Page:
I work 12-14 hours a day and I was lucky if I could practice 20-30 minutes a day.

I had to be real about where I was and where I wanted to go.

3.) I HAD TO BE METICULOUS ABOUT MY THOUGHTS.

I was under such time pressure to achieve so much in so little time that I literally COULD NOT AFFORD to think negative thoughts.

We had so few rehearsals that I had to bring my A Game. I had to be prepared and ready to go with an open mind and a positive attitude. I couldn’t afford to doubt myself, beat myself or worry if I was good enough. There literally was no time for that.

So I put all my focus on my desired outcome.

Did I falter? OF COURSE.  My demons came in now and again saying nasty things like “Maybe you were never really that good anyway. What are your clients going to think? They’ll hear you and go ‘Ohhhhhhh now I see why she quit.'”

What if I fail?  What if I suck? What if I can’t do what I expect my clients to do? What if I fall flat on my face?  What if I freeze?  What if I can’t express myself? What if I can’t play from my heart?  What if I hate it?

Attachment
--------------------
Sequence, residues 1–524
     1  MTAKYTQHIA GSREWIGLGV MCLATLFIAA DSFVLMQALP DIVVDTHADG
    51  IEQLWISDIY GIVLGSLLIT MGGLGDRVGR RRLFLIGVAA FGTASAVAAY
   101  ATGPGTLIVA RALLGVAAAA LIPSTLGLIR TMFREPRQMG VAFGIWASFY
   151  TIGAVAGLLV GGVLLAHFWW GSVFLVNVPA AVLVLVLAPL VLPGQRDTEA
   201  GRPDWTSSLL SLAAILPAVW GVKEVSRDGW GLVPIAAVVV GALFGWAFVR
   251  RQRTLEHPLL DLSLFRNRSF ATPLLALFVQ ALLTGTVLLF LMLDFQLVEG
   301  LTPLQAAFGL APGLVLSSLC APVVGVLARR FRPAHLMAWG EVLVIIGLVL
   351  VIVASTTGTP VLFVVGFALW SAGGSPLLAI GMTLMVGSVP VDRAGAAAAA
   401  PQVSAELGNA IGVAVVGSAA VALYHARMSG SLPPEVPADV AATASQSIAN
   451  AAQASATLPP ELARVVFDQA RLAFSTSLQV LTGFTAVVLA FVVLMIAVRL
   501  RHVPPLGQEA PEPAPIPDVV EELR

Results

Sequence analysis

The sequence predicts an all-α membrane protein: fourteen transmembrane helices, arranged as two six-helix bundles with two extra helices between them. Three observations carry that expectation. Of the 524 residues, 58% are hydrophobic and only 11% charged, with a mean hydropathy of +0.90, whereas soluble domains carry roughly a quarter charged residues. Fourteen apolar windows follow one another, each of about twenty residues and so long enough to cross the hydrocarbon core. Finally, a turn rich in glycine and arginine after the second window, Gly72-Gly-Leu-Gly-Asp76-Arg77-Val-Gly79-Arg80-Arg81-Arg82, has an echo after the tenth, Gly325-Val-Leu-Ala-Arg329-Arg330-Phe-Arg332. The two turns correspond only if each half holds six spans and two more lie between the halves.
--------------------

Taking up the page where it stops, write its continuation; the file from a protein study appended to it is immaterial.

When the moment came to walk out on stage, everything changed instantly. I hear the cheers of my friends and colleagues.  I saw my husband smiling at me. I heard my step-daughter cheering from back stage.

A huge smile burst across my face and tears came to my eyes as I realized in that moment “THIS is all that matters.”

My bow shook, I was nervous. But it just didn’t matter.

The people did. The music did.

And that’s life.

You get to choose in every moment what you focus on in every moment. Courage or fear. Love or defense. Hope or dread.

What matters is how you bring yourself on stage. What are YOU going to choose?

 

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Thank you for reading this and sharing the journey with me.

I’d love to hear your thoughts.

 

 

The Tragedy of Success: Why You Have to Think BEYOND the Win.

Man jumping across the gap from one rock to cling to the other. Man jumping over rocks with gap. Element of design.